Politics & Government

Audit of state historical society finds problems, leads to ethics fine

State auditors say the Washington State Historical Society needs to better track its equipment and collections as well as keep closer tabs on purchases charged by employees.

An audit released this week found the historical society — which manages the Washington State Historical Museum in Tacoma and the State Capital Museum in Olympia — needs to better track its equipment and collections worth more than $5,000. It also needs to better track smaller items worth $300 or more, the auditor’s office wrote.

Auditors also said the society needs to have more control over the use of purchase cards. They found that employees were allowed to buy items with the cards with little oversight as long as the purchase did not exceed the departmental budget.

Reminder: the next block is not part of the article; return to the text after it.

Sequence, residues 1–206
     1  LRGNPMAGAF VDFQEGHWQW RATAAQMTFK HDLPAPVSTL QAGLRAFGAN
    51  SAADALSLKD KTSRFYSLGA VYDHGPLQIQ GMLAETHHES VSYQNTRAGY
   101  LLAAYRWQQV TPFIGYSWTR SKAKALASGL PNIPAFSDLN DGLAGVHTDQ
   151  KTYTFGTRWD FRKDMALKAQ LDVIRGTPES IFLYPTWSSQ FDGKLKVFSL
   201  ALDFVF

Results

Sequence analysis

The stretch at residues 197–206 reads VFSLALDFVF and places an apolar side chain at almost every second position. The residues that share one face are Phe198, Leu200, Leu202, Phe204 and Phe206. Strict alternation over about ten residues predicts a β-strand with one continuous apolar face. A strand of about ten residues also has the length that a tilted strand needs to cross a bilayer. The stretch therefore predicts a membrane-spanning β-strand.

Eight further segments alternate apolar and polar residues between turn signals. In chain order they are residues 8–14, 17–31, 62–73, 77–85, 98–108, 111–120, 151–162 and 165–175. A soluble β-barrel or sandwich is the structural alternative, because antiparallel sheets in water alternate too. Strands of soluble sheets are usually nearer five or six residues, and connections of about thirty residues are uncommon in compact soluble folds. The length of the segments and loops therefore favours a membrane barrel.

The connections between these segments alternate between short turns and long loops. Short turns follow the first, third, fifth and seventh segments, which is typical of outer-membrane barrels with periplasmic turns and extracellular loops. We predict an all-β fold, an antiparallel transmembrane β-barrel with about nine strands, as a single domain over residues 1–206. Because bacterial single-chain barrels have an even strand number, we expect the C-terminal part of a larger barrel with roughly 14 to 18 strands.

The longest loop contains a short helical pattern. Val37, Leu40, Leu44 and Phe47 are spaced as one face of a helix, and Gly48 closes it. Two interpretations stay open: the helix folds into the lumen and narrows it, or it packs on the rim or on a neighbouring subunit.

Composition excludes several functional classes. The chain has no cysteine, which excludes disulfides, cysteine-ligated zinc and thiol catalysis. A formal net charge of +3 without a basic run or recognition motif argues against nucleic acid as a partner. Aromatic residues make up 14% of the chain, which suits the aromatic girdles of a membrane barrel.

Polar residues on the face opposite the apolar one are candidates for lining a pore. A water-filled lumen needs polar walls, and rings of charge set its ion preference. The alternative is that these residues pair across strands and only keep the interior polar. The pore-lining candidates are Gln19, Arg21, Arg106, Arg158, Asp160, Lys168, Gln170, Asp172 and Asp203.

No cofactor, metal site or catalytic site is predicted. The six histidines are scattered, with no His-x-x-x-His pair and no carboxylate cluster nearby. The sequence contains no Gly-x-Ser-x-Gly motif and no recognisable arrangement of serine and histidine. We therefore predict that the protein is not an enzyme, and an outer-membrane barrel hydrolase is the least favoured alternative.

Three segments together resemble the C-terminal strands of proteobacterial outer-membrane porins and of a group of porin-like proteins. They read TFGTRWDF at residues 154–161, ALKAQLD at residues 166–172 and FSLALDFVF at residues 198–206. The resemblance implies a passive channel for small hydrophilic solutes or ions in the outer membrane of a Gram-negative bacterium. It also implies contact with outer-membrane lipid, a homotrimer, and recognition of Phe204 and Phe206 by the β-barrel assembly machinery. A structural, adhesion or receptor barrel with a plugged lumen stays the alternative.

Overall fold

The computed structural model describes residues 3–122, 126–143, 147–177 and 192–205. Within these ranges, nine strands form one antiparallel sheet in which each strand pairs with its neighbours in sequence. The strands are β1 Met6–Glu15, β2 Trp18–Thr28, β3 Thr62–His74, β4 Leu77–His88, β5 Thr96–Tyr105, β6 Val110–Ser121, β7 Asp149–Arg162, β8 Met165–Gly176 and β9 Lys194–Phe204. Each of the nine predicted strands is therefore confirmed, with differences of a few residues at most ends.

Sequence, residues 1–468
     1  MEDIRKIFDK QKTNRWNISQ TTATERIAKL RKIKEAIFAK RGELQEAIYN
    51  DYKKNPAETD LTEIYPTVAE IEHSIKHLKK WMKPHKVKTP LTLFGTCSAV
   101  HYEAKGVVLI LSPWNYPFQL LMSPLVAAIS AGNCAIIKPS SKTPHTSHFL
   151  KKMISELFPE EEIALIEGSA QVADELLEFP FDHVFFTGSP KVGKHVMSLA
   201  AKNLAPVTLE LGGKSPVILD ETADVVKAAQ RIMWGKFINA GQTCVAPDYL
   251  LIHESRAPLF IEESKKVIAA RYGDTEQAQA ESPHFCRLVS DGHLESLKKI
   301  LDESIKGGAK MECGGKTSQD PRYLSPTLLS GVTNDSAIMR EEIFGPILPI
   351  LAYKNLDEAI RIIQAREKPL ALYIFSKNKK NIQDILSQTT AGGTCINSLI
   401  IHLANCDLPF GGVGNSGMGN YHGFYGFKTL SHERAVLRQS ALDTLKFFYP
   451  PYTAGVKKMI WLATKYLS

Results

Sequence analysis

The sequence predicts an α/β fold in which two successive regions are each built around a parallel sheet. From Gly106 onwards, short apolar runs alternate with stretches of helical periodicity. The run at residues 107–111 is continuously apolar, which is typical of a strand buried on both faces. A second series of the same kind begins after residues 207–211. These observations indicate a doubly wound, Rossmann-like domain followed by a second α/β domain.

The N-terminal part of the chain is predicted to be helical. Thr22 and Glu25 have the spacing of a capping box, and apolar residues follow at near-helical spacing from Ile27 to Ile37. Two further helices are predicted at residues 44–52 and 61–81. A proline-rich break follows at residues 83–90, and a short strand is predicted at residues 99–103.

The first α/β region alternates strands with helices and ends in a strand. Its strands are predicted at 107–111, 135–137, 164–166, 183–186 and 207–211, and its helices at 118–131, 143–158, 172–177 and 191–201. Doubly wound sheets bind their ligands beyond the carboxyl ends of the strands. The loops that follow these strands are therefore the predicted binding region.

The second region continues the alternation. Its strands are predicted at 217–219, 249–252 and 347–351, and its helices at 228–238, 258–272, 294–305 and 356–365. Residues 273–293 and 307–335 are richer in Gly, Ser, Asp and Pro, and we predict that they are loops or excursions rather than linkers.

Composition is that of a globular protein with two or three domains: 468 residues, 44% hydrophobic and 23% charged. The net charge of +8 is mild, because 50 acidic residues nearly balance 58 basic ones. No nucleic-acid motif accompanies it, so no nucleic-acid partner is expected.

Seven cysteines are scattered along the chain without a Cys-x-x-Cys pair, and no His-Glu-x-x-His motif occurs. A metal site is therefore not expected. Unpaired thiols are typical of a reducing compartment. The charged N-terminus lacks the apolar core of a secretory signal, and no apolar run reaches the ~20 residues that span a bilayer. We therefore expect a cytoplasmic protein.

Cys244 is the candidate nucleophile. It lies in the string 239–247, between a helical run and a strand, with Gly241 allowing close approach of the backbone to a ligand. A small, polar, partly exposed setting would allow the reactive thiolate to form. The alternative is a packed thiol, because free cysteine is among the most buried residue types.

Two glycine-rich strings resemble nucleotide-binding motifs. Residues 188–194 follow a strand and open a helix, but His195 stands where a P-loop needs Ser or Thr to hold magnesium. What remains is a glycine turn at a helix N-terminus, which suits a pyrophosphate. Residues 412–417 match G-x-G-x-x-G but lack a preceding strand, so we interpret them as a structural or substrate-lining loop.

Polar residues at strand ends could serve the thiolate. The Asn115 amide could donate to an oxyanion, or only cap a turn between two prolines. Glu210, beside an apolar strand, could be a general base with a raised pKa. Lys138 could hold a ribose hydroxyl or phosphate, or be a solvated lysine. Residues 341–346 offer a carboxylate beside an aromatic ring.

The historical society told auditors that high staff turnover in the 2012-13 fiscal biennium led to the loss of staff who would have been able to catch these deficiencies.

The audit also turned up evidence of misuse of state equipment that the State Auditor’s Office referred to the Executive Ethics Board for review. In an agreement with the Ethics Board last month, Tamara Georgick, information technology manager for the society, agreed to pay a $2,000 fine for using state resources for her personal benefit and in support of a nonprofit organization.

The agreement says Georgick’s state computer contained 35 documents relating to a Tacoma nonprofit spay and neuter clinic. She also used the computer to send or receive 119 emails related to the charity. Another 797 personal emails unrelated to the charity were also on the computer.

The ethics board noted that the Historical Society paid for a tablet and cellphone for her use, but she pays for Internet and cell service for those devices using personal funds. She told the Ethics Board that she did not edit the documents while at work.